Dan’s had fun with this project. He’s turned one of his freight cars in to a pumpkin shipper:
“It is pumpkin time and I came across a 1960’s Mantua gondola car that was Union Pacific orange and looked to be the perfect customer to turn into a pumpkin shipper. Some 91% alcohol and a Q-tip took care of the UP MOW markings.
The next step is to mask the sides with painters tape, being sure to burnish the outer posts so no paint seeps in. I primed the interior and upper sill then followed up with black gloss enamel. I wanted a color break between the car and the pumpkins.
Now to the new stuff. At Hobby Lobby I purchased TesTors decal paper for inkjet printers. I used my 40% coupon for this. Once I got home and opened it up I realized I should have also bought the TesTors decal bonding spray. Don’t try this without the bonding spray. Fortunately, my wife had to make a trip, so I followed along to pick up the spray.
I pulled some likely clip art from the internet and played with the sizing in Word so they would fit on the car. You do some dry fitting, just printing on regular paper.
As with any decal project, it is a good idea to wash the car in warm soapy water and let it dry. Once dry I sprayed the sides with a glossy coat. These TesTor decals require that kind of finish, as do most decals. Then wash your hands and glove up. There was a question a week or so back about the need to use gloves. It is just that the same oils that leave fingerprints for the CSI folks can also spoil paint and decal jobs.
I printed my decals, ganging them so they would fit on the smaller decal paper, and when dry, gave them 2-3 passes with the TesTors bonding spray. I let this dry overnight.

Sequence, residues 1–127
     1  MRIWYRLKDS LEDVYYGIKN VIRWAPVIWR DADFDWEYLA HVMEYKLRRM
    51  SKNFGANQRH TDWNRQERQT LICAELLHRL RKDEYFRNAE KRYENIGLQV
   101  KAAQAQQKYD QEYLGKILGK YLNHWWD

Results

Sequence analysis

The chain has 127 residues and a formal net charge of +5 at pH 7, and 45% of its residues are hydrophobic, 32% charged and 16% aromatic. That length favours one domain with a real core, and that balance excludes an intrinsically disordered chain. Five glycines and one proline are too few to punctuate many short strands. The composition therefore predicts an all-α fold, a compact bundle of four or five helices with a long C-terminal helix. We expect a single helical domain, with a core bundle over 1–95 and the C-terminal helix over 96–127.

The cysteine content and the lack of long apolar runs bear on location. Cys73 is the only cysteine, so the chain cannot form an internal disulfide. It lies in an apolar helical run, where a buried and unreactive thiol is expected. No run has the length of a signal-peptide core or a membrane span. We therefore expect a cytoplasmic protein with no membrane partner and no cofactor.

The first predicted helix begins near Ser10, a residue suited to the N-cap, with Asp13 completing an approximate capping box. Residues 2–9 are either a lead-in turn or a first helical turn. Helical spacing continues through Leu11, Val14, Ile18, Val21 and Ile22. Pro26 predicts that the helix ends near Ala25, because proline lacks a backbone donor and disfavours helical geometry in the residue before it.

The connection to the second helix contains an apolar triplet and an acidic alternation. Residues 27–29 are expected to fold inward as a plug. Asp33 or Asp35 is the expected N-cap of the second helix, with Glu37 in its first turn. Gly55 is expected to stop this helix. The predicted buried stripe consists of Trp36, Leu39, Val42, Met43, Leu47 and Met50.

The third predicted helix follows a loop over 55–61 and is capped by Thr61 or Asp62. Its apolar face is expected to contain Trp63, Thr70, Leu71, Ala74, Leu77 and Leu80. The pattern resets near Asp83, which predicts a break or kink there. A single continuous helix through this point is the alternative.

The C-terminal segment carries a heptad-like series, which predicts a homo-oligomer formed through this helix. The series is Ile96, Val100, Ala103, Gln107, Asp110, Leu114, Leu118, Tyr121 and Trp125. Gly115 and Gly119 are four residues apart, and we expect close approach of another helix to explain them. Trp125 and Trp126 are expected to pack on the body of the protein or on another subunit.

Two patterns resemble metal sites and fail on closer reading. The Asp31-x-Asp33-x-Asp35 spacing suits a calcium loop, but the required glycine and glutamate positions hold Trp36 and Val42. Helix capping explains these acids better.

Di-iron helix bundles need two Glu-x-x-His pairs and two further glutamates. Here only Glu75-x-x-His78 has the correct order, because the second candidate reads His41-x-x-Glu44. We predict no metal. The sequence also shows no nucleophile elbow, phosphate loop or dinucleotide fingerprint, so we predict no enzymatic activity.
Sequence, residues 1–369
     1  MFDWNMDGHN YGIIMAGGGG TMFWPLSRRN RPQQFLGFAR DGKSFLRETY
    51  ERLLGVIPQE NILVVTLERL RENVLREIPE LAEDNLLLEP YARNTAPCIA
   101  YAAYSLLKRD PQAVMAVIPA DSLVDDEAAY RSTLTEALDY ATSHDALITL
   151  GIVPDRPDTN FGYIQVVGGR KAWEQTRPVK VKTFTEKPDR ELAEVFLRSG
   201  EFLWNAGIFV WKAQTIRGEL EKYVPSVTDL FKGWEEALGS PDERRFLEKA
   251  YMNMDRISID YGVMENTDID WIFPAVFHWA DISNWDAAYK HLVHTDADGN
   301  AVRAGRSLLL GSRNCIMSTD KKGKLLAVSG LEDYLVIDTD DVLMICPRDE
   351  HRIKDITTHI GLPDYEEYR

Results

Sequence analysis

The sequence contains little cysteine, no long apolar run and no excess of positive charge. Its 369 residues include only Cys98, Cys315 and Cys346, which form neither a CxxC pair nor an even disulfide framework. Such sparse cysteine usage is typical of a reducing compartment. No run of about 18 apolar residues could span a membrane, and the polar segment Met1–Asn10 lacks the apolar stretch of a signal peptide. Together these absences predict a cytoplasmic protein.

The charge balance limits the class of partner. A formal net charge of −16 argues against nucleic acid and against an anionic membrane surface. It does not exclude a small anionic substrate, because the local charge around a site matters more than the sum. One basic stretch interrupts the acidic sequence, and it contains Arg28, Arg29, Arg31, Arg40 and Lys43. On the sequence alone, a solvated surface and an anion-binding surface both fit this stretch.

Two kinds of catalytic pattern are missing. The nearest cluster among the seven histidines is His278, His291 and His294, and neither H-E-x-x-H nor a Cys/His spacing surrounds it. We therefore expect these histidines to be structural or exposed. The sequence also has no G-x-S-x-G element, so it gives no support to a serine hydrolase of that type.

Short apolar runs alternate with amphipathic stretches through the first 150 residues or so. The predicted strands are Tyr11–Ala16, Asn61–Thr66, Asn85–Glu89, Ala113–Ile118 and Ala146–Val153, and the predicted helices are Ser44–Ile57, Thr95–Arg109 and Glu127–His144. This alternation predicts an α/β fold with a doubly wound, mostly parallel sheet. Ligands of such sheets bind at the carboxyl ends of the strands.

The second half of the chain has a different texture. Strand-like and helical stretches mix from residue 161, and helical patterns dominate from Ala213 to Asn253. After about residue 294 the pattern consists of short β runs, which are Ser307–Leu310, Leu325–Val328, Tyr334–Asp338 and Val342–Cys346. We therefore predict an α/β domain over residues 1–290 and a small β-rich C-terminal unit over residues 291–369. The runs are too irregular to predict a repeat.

The next day I followed the instructions on the decal pac, cutting and soaking for 5-7 seconds in water [I use distilled] then placing it on a paper towel. I also dabbed a drop of water on top of the decal after placing it on the towel. 15-30 seconds later the decal would slide off the paper. Using tweezers and a very small straight cut brush I placed the decals where I wanted them. I put a dab of water on the spot before placement. I let it sit for a bit, then dabbed with a Q-tip very carefully to pick up excess moisture. Then on to the next decal. As the photos show, a smooth-sided car will make this process easier and faster. My next holiday car (Christmas) will have this advantage.
Now I needed some railroad markings, so I pulled out my D&H decals and dropped the seal and car reporting # on the car. These decals were followed up by a setting fluid as normal, but the printed decals only really needed a good gloss surface.
I was very happy with how they turned out, and actually, I found them sturdier than the decals you buy at the store. With this product, you can make any decals you want with your inkjet printer.
Now to the “pumpkins.” I found this ORB Micro Mosaics also at Hobby Lobby in a variety of colors. The black makes for good coal, and this material is malleable with a sticky back. One pack had two different orange colors and the scale seems to work for HO scale pumpkins. I dummied the gondola with foam, inserted a steel washer for a magnetic release if needed, then pulled apart the mosaics and placed them in the gondola, mixing up the colors.
The final step, a dull coat application, trucks, couplers and on to the produce distributor.
I did not weather the car, as this car had just been repainted at the shops in Oneonta. That is my story, and I am sticking to it.
I hope this provides some useful info for you folks.
I live in the uk and have a Kato with tomix tomytec buildings in my loft and garage.
I am analogue with simple gaugemaster and Morley controllers – no scenery I just enjoy the hobby and like running the trains and trams. It’s not exhibition standard but i would say to everyone just enjoy yourself.
I throw a few Lego models into the mix and anything else I can find.
A big thanks to Dan and Alan.
It just goes to show all it’s all about having fun. If you just want to run trains without putting down a stick of scenery, that’s fine. If you enjoy it – do it!
And I know there are just as many on the other side of the fence. For them it’s all about the scenery and they’ve never even plugged in the tracks.
Well, what ever works for you, that’s fine. I think that’s what makes this hobby – make it your own.
That’s all for today folks.
Please do keep ’em coming.
Don’t forget the Beginner’s Guide is here if you want to get going on your layout today.